By Josh Saunders
Meet the men who have made your favourite horror movie monsters from Pennywise the Clown to The Thing, Predator, the Alien Facehuggers, Hollow Man and more.
Alec Gillis and Tom Woodruff Jr, both 58, from San Fernando Valley in California, USA, have created hundreds of creatures for some of the biggest Hollywood horror blockbusters.
They form the fear-inducing real-life creations, ranging from special-effects make-up to man in a suit costumes and larger-than-life conceptions that require hydraulics and cranes to move.
The process starts with sketches where they consider everything from appearance to the character’s movement, before progressing onto moulds, rubber skins, animatronics and more.
Notable characters from their horror hits, include this year’s Pennywise the Clown from Stephen King’s novel IT, Predator, The Thing, Hollow Man, vampires from I Am Legend, Alien Facehuggers and more.
The pair who founded Studio Amalgamated Dynamics Inc (ADI) speak out about the ‘hundreds and hundreds’ of creations as they approach their company’s 30th Anniversary.
Alec said: “Pennywise make-up resonated so powerfully with people, it’s very gratifying and reminded me of when Alien came out because of the great reaction we received.
“The director came to us with a design, but we had to interpret it into a living, real-thing that worked on the face, was able to emote and express properly – all the elements came together really beautifully.
“It feels like something that has been so embraced by the public and clearly they were ready for and craving it, I’ve got to give full credit to the team.
“More recently we’ve been involvedw with Netflix show Bright which is coming out and required two hundred orc characters, to creating the new Predator characters for Shane Black’s new Predator film, the Annabelle: Creation and also a spin-off of The Conjuring.
“Practical effects are more critical to the success of a horror film than any other genre, the audience expects a certain quality to the horror character, effect, gore or wounds.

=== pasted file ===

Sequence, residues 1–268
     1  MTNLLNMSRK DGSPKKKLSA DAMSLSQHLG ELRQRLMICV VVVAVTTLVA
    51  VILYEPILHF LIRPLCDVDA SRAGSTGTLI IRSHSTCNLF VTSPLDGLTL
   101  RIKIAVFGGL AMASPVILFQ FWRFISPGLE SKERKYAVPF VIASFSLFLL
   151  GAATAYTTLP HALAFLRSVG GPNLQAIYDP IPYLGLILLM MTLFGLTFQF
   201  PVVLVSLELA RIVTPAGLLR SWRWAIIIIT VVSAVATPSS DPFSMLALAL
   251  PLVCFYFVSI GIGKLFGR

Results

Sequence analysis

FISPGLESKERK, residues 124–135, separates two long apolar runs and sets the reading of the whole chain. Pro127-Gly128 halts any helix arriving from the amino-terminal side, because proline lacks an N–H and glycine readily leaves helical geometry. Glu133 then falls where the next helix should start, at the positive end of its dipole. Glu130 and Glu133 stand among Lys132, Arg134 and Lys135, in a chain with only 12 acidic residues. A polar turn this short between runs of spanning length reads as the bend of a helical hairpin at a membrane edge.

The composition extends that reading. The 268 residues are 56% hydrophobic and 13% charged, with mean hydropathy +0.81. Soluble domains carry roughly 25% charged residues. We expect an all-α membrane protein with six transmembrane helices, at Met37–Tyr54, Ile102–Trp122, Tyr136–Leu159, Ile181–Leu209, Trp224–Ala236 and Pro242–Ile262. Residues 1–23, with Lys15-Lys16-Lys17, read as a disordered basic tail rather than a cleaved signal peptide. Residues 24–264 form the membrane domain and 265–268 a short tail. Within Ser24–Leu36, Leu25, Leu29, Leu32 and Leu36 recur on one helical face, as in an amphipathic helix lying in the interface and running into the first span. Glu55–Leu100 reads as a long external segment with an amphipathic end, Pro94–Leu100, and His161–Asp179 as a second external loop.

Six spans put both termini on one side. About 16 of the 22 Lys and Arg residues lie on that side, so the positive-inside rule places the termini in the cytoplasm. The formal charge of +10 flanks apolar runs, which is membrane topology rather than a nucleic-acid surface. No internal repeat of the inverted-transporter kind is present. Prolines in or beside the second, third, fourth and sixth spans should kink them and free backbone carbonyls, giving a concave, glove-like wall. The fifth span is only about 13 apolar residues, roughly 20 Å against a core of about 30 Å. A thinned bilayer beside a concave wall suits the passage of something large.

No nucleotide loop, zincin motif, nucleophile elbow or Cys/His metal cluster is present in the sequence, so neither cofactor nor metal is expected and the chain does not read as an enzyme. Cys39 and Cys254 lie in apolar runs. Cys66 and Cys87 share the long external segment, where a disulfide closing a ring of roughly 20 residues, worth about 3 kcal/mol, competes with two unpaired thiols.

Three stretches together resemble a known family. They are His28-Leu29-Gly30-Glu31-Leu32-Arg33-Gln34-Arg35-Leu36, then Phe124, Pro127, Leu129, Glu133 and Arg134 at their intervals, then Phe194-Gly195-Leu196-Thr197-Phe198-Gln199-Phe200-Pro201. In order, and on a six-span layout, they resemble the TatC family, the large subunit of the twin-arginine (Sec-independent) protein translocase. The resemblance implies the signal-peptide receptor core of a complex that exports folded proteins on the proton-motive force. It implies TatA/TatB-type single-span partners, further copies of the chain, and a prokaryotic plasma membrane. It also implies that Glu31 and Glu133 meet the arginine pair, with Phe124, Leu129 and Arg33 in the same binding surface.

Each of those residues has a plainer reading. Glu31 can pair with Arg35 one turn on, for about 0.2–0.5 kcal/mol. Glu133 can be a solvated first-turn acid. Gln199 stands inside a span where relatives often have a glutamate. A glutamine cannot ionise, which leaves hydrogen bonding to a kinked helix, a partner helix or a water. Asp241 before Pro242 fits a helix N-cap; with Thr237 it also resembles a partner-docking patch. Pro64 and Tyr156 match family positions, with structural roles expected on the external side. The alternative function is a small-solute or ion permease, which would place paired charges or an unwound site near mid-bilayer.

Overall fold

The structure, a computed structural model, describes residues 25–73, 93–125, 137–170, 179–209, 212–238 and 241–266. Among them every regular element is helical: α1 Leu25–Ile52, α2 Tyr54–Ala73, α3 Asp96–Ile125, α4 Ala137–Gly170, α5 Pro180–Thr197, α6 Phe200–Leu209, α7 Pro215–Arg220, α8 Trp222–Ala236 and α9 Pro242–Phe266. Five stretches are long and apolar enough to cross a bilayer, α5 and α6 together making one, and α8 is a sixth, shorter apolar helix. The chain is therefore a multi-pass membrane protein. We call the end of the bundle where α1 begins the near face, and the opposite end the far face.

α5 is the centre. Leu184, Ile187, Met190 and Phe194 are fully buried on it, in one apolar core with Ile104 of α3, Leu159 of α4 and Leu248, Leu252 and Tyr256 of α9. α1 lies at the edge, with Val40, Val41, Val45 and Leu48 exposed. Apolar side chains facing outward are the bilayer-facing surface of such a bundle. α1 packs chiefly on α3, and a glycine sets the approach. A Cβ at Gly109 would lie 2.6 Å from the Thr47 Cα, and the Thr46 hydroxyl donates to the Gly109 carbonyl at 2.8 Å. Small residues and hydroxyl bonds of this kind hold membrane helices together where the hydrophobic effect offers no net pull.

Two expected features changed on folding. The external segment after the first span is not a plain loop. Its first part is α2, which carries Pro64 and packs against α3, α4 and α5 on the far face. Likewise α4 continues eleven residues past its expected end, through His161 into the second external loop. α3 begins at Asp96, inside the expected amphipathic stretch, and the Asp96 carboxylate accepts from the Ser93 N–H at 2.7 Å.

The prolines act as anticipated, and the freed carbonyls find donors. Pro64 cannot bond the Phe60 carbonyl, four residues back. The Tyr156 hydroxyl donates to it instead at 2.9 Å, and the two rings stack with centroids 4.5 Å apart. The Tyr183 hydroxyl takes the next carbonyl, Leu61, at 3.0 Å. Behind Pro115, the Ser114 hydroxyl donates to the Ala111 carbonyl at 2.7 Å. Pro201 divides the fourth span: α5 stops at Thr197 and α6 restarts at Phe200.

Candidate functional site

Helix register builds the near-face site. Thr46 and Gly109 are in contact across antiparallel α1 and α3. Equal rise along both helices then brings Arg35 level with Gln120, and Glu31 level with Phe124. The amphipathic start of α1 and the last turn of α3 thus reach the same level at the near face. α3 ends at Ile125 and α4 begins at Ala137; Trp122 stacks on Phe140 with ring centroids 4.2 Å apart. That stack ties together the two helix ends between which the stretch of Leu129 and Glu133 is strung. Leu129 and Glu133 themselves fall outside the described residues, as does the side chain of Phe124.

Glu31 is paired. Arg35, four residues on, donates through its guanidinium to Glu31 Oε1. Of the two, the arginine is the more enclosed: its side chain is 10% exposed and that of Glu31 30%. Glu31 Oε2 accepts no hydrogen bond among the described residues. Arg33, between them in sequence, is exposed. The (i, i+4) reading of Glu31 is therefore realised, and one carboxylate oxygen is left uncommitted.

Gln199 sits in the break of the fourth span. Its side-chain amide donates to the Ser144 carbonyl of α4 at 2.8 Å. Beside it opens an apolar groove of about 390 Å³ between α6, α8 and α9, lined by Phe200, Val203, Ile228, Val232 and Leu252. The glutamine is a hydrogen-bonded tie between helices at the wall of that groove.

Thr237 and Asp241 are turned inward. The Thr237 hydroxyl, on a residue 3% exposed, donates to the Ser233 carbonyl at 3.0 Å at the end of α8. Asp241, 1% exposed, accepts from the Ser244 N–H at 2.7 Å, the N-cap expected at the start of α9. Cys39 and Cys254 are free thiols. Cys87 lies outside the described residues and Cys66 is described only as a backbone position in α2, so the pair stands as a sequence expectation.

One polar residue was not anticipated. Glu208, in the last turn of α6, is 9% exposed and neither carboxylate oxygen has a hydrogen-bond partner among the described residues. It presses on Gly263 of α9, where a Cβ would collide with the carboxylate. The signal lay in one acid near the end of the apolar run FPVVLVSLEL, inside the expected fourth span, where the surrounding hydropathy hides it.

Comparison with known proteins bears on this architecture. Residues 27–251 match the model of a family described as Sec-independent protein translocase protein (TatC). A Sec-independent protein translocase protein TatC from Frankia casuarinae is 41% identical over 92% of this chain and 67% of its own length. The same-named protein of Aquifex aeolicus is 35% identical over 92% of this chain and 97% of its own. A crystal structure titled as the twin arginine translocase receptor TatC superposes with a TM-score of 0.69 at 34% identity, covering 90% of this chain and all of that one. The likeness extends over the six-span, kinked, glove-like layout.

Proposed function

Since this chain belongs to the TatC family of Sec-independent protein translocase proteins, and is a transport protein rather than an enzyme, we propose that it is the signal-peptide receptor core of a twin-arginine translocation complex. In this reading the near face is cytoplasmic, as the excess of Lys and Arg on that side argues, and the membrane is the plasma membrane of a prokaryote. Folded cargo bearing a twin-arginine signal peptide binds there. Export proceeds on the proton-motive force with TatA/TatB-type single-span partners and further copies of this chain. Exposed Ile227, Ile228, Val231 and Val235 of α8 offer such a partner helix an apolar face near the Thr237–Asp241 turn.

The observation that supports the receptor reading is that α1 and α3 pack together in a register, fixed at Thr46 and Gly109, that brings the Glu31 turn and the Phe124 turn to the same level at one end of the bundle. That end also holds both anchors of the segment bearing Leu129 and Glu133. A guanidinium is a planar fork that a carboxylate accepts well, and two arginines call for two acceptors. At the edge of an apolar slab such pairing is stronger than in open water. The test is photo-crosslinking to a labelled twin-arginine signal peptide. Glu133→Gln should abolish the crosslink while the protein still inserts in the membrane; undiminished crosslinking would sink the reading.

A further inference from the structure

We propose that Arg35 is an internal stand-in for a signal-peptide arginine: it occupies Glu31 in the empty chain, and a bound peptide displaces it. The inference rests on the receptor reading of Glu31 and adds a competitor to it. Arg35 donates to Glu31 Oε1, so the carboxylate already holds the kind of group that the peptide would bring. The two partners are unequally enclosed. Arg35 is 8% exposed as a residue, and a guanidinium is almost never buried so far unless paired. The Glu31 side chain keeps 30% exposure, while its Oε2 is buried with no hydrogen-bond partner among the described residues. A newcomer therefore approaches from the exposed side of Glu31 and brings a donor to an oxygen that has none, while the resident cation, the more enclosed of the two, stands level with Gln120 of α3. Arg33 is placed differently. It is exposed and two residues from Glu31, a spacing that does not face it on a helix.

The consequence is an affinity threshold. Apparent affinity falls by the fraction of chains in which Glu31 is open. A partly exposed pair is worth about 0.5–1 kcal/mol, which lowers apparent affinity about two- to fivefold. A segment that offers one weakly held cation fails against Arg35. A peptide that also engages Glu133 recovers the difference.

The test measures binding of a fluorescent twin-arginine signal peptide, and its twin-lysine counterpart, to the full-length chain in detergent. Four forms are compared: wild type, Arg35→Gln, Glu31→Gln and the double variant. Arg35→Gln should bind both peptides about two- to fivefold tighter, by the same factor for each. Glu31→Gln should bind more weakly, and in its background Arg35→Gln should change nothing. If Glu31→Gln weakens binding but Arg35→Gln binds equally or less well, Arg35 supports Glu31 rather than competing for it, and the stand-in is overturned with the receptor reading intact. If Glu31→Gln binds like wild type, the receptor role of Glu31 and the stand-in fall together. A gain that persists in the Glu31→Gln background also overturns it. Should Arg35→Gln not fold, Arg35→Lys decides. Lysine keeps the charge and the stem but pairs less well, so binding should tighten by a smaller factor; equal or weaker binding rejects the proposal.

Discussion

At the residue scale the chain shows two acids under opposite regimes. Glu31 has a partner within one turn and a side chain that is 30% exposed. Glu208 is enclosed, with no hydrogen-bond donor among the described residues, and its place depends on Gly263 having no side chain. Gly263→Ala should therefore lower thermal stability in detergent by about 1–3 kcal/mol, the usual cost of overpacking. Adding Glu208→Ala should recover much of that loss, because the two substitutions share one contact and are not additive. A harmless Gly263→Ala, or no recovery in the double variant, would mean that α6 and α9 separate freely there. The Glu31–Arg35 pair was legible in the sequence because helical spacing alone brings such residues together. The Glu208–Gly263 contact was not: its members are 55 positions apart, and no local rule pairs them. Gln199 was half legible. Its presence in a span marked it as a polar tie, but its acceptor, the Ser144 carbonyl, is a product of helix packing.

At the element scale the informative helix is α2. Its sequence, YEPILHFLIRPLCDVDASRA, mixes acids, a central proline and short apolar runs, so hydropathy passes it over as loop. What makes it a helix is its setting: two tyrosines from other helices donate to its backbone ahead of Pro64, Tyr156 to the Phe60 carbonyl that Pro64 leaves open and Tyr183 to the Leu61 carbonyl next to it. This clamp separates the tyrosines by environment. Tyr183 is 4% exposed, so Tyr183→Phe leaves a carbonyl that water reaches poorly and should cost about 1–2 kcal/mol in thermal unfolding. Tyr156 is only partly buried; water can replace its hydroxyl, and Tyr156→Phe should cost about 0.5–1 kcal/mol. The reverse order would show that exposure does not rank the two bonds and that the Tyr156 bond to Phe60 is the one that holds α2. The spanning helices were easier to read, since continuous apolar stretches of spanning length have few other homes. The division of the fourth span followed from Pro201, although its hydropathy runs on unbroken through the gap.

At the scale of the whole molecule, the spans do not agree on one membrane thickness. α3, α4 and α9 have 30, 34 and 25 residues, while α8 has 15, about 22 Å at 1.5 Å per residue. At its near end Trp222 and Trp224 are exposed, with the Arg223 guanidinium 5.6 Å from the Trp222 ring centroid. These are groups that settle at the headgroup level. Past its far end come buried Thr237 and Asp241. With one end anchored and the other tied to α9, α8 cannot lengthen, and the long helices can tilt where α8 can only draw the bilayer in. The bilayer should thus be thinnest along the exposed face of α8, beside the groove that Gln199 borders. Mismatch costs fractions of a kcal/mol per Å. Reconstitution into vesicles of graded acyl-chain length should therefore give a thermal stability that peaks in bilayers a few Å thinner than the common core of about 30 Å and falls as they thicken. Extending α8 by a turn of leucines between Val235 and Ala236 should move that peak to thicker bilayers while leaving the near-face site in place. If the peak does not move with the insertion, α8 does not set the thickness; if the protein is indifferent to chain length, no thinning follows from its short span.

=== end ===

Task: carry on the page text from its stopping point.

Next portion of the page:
“I feel that if you watch a graphic or CGI image, it can be too far out of reality and all the fear dissipates, compared to films like Marvel where it’s accepted, because it’s light-hearted, fun and an extension of disbelief.
“To begin with, the audience accepts a lot more of a digital look for those kinds of films that horror just can’t get away with and you need practical effects.
“We’ve done other movies like X-Men, Death Becomes Her, our resumes are so long with a wide variety, we feel very fortunate over the years.
“We were just kids taking every opportunity that came our way, we never stopped to think how our work may have an impact on people or pop-culture.
“For our monsters and creatures, we receive a lot of appreciation for the artform and are grateful for the fans who keep it alive and keep the franchises going.”
The team believe the success behind bringing some of their famous otherworldly creatures to life was by taking inspiration from and intrenching elements of the real world.
Tom said: “We love to design things with reference to real-life, people in our audiences who come to see these movies live in the real world so even when bringing an alien from another world it needs natural contexts.
“If there isn’t something reminiscent of the real-world then you are in danger of pushing the audience so far that it seems unreal.
“For example, with Tremors there were these gigantic worms that moved underground, we did a lot of drawings, incorporating textures of certain animals and had a snapping turtle jaw that become the main head.
“Whether the audience recognised and noticed it, we want people to see it and feel somewhere in the back of their head that it’s real because they’ve seen elements of the creation elsewhere.”
Death Becomes Her won the Alec and Tom Best Visual Effects at the Oscars and Academy Awards along with nominations Alien 3, Hollow Man and Starship Troopers.
Their other films include: IT, The Terminator, Aliens Vs. Predator, Hollow Man, Cast Away, The X-Files (feature), Jumanji, Independence Day Resurgence, Batman Vs Superman: Dawn of Justice, X-Men, Incredible Hulk, Scary Movie 3 and more.
Tom said: “We look to design elements from the beginning, for the last 30 years that’s been our skill and talent, it’s not just about the nuts and bolts or silicone, we take it a step further.
“We take a script and come up with the look for a special character, from how he will move, communicate to even coming up with the story and getting involved in discussions.
“With physical effects, the creature is in the environment interacting in the same light or smoke, it’s important for the camera to capture that reality, which is what we have going for us.”